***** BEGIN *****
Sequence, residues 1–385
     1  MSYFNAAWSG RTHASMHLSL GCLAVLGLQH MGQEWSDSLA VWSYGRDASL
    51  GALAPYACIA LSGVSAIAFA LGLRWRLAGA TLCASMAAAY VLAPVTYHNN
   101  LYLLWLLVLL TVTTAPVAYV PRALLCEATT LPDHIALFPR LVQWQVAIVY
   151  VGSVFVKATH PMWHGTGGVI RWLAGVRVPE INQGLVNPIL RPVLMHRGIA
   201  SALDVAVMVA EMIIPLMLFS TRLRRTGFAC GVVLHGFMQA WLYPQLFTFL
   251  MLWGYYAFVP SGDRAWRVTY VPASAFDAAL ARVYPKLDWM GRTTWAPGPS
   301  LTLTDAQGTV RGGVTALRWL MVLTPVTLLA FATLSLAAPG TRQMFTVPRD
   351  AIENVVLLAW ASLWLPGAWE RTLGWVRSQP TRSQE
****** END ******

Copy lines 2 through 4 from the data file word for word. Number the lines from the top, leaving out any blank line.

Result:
     1  MSYFNAAWSG RTHASMHLSL GCLAVLGLQH MGQEWSDSLA VWSYGRDASL
    51  GALAPYACIA LSGVSAIAFA LGLRWRLAGA TLCASMAAAY VLAPVTYHNN
   101  LYLLWLLVLL TVTTAPVAYV PRALLCEATT LPDHIALFPR LVQWQVAIVY